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Open Letter to the Council of Europe
Member States Must Recognize the State of War in Chechnya and Demand the Application of International Humanitarian Law
January 27, 2000
January 27, 2000 — For the last six months Chechen civilians have been subjected to relentless indiscriminate bombardments by Russian forces throughout the territory. There is no place in Chechnya today where civilians can be safe either from indiscriminate attacks or the arbitrary rule currently in force in ‘liberated’ zones. Boys over the age of ten are threatened with arrest by the Russian authorities. The nature and scope of military operations prevent all forms of independent humanitarian relief, including the care of wounded, sick and vulnerable people within Chechnya.
The regular and arbitrary closure of escape routes, fear of arrest, the threat of forced repatriation from Ingushetia, as well as the many attacks against refugees and the presence of mines, considerably curtail any possibility of escape for those who wish to leave Chechnya.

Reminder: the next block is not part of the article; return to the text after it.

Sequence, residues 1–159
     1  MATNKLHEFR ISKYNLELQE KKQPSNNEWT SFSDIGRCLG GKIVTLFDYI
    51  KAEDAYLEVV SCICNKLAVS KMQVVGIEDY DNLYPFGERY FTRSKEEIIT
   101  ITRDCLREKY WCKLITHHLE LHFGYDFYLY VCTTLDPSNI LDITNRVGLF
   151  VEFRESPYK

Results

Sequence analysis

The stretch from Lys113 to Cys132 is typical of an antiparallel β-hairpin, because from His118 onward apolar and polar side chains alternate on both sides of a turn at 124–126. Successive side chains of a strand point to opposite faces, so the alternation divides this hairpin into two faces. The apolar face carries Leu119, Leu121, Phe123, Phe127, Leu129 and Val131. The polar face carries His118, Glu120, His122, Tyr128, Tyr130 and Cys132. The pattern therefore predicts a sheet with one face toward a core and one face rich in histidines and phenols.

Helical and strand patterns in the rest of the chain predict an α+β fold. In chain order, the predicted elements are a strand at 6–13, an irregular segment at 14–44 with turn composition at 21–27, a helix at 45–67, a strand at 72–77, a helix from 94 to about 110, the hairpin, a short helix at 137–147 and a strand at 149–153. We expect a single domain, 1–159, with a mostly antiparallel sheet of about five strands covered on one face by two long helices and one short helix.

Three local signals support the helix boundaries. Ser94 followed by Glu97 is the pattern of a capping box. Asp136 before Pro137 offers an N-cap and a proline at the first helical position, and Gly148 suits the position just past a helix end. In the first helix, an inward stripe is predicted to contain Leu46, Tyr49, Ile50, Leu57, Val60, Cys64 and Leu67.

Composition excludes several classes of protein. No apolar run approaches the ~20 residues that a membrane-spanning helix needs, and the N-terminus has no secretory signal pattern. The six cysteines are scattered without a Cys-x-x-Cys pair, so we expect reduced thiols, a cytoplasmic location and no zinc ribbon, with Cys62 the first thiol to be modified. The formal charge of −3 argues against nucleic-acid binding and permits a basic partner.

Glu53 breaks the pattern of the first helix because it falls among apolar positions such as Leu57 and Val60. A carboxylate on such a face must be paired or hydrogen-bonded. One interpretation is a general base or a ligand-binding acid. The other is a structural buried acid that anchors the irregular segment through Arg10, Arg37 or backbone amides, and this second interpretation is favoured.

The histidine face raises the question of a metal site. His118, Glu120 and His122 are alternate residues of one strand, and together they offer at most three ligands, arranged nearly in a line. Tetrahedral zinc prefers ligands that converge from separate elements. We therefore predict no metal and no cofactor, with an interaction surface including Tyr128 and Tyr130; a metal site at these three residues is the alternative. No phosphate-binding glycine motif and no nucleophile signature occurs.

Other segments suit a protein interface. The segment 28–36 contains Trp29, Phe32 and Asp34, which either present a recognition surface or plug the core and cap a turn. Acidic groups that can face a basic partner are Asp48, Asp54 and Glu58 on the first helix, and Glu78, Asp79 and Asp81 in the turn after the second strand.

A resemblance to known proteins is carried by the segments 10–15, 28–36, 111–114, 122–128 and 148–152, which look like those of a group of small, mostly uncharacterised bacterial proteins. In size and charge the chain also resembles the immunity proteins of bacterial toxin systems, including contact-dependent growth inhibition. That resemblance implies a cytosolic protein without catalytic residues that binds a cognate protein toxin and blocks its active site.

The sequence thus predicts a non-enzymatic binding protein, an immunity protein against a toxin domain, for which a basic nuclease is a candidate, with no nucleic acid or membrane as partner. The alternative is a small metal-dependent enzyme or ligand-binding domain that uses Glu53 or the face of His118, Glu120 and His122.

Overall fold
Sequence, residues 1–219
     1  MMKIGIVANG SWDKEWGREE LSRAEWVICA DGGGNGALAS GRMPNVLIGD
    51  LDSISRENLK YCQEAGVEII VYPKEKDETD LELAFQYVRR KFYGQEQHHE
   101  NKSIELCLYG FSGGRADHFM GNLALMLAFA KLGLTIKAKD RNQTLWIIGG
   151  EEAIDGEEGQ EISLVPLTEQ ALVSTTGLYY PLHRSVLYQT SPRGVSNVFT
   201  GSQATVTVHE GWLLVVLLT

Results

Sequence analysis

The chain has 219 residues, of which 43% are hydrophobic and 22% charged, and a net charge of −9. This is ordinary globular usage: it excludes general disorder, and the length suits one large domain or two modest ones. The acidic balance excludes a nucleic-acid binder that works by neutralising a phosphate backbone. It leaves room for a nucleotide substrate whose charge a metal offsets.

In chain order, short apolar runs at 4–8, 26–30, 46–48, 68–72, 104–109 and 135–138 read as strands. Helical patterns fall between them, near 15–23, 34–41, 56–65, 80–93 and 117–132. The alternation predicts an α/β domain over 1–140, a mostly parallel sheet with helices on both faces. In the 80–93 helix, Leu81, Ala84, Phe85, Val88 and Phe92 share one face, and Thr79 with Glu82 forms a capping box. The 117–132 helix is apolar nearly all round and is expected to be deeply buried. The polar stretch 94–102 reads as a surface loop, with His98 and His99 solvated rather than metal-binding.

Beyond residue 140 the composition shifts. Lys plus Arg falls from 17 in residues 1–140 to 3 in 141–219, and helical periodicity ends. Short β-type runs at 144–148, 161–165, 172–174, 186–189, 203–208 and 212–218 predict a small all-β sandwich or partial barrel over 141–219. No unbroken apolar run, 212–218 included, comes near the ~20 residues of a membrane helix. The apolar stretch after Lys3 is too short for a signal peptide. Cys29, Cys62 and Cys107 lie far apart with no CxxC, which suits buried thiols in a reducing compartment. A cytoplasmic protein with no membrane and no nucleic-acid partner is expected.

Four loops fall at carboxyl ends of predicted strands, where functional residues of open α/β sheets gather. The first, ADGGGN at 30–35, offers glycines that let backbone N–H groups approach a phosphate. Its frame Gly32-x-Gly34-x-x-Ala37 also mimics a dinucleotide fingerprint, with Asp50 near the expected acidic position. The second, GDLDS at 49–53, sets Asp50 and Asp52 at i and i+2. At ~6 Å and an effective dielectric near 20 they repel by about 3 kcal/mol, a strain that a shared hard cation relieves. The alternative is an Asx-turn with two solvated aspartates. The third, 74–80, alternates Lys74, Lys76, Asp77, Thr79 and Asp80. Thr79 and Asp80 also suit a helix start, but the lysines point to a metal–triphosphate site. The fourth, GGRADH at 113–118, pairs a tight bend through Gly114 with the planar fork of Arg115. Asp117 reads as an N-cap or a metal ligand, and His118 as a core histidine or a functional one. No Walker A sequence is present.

Such military operations amount to a collective punishment whereby all civilians are considered suspects. The international community has so far failed to oppose the violence, which Russia claims is justifiable anti-terrorist action. Despite all evidence to the contrary, governments have so far endorsed this fiction, which deprives the population of all rights to protection and assistance.
No government to date has officially recognised the state of war. The UN Security Council has not even discussed the Chechen situation, de facto sanctioning the Russian position.
As the Council of Europe holds its emergency session on Chechnya today, Médecins sans Frontières calls upon Member States to;
We urge you to give these recommendations you most urgent attention.